In addition, employees who unexpectedly experience serious health problems can find themselves woefully under-covered. “I would not ask my employees to abandon their PPO and HMO options in favor of an HRA,” says Jon Kessler, CEO at consultancy WageWorks. “If they’re wrong about their estimated annual health-care expenses, they’ll face serious financial hardships.”

So what’s the attraction of HRAs for workers? Well, for starters, if an employee leaves a company, any leftover funds in an HRA can go toward COBRA payments. Beyond that, money in a health reimbursement account can be spent on services that traditional plans don’t generally cover — things like physical therapy and alternative medical treatments. Moreover, since an HRA is treated as a benefit and not compensation, it reduces an employee’s overall tax rate.


Whether HRAs actually cut health-benefit costs remains to be seen. The plans are so new that it’s hard to assess their effectiveness. But employers seem to like them. “Many more employers are going into this type of plan,” says Leslie Schneider, a consultant at HayGroup. “There’s lots of interest.”

Still, Schneider concedes many employers are taking a wait-and-see approach to HRAs. “The reported savings thus far are around 7 to 8 percent annually,” she claims.

For his part, Delaney asserts that renewal costs for HRA plans for next year are actually 7 percent to 10 percent less than the premiums for 2002 — a far cry from the double-digit increases expected for traditional managed care plans. The growth in Definity’s client base certainly would seem to indicate growing corporate interest in HRAs. Definity started off with three clients in 2001; it now has 60 clients, including twenty Fortune 1000 companies.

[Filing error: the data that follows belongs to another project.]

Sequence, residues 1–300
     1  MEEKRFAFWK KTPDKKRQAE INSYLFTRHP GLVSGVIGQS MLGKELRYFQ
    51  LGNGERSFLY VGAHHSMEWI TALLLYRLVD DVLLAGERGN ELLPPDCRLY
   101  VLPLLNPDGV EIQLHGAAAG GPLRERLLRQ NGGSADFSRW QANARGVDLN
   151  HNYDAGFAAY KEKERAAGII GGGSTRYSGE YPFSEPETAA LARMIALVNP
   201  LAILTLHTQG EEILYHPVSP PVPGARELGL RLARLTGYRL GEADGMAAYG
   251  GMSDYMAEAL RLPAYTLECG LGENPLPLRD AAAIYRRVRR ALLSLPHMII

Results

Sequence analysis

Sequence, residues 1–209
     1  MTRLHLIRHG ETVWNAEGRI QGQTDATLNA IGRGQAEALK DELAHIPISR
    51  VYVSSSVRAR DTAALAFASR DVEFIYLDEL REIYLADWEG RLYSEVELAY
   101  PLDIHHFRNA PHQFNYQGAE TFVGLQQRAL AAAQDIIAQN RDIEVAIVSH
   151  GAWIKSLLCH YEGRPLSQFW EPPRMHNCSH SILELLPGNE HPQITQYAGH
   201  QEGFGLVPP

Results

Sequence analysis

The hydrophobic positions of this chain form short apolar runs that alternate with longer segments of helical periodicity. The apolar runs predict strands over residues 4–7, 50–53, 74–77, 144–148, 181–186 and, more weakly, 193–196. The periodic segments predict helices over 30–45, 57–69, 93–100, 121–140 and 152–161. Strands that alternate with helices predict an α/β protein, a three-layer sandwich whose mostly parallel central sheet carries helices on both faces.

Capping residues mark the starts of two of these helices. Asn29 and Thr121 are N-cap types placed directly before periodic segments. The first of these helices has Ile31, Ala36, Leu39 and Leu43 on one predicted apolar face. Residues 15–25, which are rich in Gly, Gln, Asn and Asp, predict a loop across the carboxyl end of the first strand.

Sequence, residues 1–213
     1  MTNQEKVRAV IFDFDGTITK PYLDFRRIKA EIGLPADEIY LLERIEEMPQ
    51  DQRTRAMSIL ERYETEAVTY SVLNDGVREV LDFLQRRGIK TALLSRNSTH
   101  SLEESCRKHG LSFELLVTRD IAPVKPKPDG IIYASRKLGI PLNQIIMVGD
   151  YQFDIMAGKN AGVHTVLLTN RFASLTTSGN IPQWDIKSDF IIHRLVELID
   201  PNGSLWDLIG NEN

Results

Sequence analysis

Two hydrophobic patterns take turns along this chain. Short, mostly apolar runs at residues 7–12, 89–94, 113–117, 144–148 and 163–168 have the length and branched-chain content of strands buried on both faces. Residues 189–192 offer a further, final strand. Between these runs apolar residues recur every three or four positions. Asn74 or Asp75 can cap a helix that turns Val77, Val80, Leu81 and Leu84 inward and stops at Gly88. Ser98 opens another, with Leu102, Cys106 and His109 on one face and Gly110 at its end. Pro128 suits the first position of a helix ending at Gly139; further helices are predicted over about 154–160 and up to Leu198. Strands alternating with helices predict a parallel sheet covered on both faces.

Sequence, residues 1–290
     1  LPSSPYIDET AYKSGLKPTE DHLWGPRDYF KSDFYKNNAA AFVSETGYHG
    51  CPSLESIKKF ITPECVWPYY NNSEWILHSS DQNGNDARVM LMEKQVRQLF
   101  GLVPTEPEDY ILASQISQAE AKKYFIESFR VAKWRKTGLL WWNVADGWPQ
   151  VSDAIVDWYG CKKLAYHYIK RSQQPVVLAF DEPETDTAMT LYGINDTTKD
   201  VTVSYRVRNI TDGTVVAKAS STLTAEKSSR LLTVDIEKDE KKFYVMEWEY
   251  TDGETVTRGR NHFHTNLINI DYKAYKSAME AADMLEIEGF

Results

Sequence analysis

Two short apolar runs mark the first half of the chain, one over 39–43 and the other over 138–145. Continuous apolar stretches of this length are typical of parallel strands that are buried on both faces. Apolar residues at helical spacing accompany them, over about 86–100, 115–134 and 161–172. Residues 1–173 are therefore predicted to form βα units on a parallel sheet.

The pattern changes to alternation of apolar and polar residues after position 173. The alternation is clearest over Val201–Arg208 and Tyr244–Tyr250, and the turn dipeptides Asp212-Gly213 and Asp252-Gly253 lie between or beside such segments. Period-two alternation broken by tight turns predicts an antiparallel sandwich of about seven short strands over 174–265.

Budget-Rent-A-Car, for example, has approximately 650 employees (out of 7200 total) under Definity’s HRA plan this year. “The employees that are in it have been very receptive and like the plan,” says Chris Lanning, head of HR at Budget. “It has really helped us turn our employees into more conscious consumers of health care.”

Lanning estimates that his company will save about a $1 million this year with Definity’s HRA plan. And that estimate assumes that employees will spend all their HRA dollars without rolling over any of the funds. Lanning underscores the cost advantages of an HRA over more traditional plan structures. “Our HMO is costing us $1000 more per employee this year than the HRA plan,” he claims.

Budget provides its individual employees with a $750 personal care account for covering health services and prescription drugs. The account does not cover non-traditional expenses such as acupuncture, alcoholics anonymous, and laser eye surgery. Once the account has been exhausted, the employee is responsible for the next $1000 of health-care costs. It then rolls over to a PPO plan that covers 100 percent of costs within network and 60 percent out of network.

Even workers who took a haircut with their HRAs this year at Budget seem to like the reimbursement account concept. Says Lanning: “The employees who lost out on the plan this year are calling to sign up for next year.”